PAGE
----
Tracing nitrate in watersheds

Mar 15, 2013

Plants need nitrogen to grow, and nitrate is a common fertilizer ingredient, but high levels of nitrate contamination in drinking water sources can cause health problems. It is generally known that nitrogen flows through watersheds from upslope areas down to streams, but the relationships between upslope soil solution or groundwater nitrate concentrations and stream water nitrate levels—and the ways in which land use changes may alter this relationship—are not fully understood.

Sudduth et al. analyzed published studies of 62 watersheds to see if a consistent relationship between upslope soil solution or groundwater and nitrate concentrations exists and whether ecosystem disturbances such as fire or land use changes such as clearing forests for agriculture or affected the relationship between soil and stream water nitrate concentrations.

For 40 undisturbed forest watersheds and 10 disturbed forest watersheds, they find that stream water nitrate concentrations are typically about half that of soil solution nitrate concentrations, indicating that a significant amount of nitrate is removed as water passes through watersheds to streams. For the 12 watersheds in their study that had significant agricultural or urban development, there is less reduction in nitrate concentrations between soil solutions and stream waters, suggesting that in human-dominated landscapes, upland soils and riparian zones are less efficient at removing nitrate than in undisturbed ecosystems.

The study suggests that, in general, stream water nitrate concentrations can provide an indication of upland soil solution or groundwater nitrate levels. The authors conclude that undisturbed watersheds have a significant capacity to remove nitrate, but land use changes tend to diminish the efficiency of nitrate removal from watersheds or alter the flow paths of nitrate.

Explore further: Pact with devil? California farmers use oil firms' water

More information: Nitrate in watersheds: Straight from soils to streams? Journal of Geophysical Research-Biogeosciences, doi:10.1002/jgrg.20030, 2013 http://onlinelibrary.wiley.com/doi/10.1002/jgrg.20030/abstract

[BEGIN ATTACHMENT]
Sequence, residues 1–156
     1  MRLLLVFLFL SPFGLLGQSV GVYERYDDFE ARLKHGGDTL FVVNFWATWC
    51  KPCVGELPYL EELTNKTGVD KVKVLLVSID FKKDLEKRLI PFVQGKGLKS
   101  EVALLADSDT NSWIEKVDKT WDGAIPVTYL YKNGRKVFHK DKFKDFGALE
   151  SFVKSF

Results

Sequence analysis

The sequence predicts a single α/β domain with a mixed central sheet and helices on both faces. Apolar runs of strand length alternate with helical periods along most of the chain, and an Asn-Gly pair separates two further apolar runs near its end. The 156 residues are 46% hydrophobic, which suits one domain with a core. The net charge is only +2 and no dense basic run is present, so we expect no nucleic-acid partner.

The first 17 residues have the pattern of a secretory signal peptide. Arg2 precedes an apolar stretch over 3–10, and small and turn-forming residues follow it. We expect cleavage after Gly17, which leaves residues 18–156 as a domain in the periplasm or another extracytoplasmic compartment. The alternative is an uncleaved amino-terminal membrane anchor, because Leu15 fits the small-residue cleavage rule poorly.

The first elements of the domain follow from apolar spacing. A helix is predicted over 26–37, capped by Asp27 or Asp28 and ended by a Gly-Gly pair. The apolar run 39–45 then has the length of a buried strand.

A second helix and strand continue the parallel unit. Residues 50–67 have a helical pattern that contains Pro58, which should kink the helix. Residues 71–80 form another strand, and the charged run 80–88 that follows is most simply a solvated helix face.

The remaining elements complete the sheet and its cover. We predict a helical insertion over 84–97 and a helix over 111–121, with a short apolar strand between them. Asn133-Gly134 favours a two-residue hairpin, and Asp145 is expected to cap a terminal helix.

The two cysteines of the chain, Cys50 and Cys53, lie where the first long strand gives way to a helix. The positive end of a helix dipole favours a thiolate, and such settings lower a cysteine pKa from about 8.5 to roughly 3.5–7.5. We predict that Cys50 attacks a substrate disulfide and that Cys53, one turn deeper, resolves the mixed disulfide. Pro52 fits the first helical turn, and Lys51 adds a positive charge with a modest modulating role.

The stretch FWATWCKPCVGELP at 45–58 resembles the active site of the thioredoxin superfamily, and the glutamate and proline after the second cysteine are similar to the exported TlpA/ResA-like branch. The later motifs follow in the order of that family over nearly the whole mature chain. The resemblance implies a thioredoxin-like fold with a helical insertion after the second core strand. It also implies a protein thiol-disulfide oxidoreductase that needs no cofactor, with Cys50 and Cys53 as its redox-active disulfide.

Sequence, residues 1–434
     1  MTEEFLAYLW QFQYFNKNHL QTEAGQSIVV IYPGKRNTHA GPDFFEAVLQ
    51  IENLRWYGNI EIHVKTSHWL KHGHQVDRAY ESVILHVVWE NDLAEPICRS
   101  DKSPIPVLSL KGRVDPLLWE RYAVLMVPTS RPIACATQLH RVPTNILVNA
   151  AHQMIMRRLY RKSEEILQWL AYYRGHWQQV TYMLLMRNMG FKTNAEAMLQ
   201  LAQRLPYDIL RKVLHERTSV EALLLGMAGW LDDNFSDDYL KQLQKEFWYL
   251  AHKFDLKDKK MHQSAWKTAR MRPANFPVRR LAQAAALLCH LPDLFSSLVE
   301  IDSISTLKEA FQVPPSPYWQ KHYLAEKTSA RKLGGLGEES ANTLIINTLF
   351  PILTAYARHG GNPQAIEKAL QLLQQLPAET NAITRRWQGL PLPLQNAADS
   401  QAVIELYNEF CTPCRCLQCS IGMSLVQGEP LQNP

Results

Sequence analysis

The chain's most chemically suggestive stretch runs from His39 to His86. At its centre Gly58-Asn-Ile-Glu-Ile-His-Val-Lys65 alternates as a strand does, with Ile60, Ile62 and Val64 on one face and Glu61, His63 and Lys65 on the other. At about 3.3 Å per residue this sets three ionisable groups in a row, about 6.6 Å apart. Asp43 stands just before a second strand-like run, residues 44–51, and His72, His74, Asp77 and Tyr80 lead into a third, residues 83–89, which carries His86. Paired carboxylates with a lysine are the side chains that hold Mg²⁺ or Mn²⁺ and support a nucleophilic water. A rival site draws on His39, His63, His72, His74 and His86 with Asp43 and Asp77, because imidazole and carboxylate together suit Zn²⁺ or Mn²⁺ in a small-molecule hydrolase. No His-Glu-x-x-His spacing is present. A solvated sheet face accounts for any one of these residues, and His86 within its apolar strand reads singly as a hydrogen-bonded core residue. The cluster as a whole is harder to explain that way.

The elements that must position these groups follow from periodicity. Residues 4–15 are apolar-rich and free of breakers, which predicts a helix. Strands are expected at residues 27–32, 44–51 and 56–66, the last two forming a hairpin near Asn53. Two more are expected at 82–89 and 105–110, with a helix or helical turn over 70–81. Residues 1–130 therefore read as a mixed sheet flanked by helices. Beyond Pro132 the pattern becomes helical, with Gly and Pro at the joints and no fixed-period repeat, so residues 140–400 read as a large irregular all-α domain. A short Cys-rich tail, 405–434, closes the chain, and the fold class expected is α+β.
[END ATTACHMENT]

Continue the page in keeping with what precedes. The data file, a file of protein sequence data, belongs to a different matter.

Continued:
Related Stories

Is your drinking water safe?

Feb 28, 2008

Lake Bloomington is a major source of drinking water for residents of Bloomington, IL, and has a history of nitrate concentrations that exceed safe levels. Because Lake Bloomington has a record of elevated nitrate levels, ...

Nitrate fertiliser wasted on sugarcane

May 09, 2011

(PhysOrg.com) -- Rising nitrogen fertiliser application to sugarcane crops globally and the potential for this fertiliser to be leached from soil and lost to the atmosphere have been highlighted in a new study led by The ...

Prairie restoration also helps restore water quality

Mar 08, 2012

U.S. Department of Agriculture (USDA) scientists are studying the overall improvement in water quality when native prairie vegetation is restored to fields once cropped with corn and soybeans. Agricultural ...

Melting snow provides clues for acidification

Feb 15, 2008

In forests of the northeastern United States, sulfate and nitrate are the dominant dissolved forms of sulfur and nitrogen in precipitation. In winter, these acidic agents accumulate in the snowpack and are released to groundwater ...

Dutch researcher develops catalysts for clean drinking water

Jun 18, 2010

Jitendra Kumar Chinthaginjala of the University of Twente, The Netherlands, has developed a catalyst that can efficiently remove nitrite and nitrate from drinking water. These two toxic substances are increasingly found in ...

Recommended for you

Gimmicks and technology: California learns to save water

Jul 03, 2015

Billboards and TV commercials, living room visits, guess-your-water-use booths, and awards for water stinginess—a wealthy swath of Orange County that once had one of the worst records for water conservation ...

Cities, regions call for 'robust' world climate pact

Jul 03, 2015

Thousands of cities, provinces and states from around the world urged national governments on Thursday to deliver a "robust, binding, equitable and universal" planet-saving climate pact in December.

Will climate change put mussels off the menu?

Jul 03, 2015

Climate change models predict that sea temperatures will rise significantly, including in the tropics. In these areas, rainfall is also predicted to increase, reducing the salt concentration of the surface ...

As nations dither, cities pick up climate slack

Jul 02, 2015

Their national governments hamstrung by domestic politics, stretched budgets and diplomatic inertia, many cities and provinces have taken a leading role—driven by necessity—in efforts to arrest galloping ...

User comments : 0

Please sign in to add a comment. Registration is free, and takes less than a minute. Read more

Click here to reset your password.
Sign in to get notified via email when new comments are made.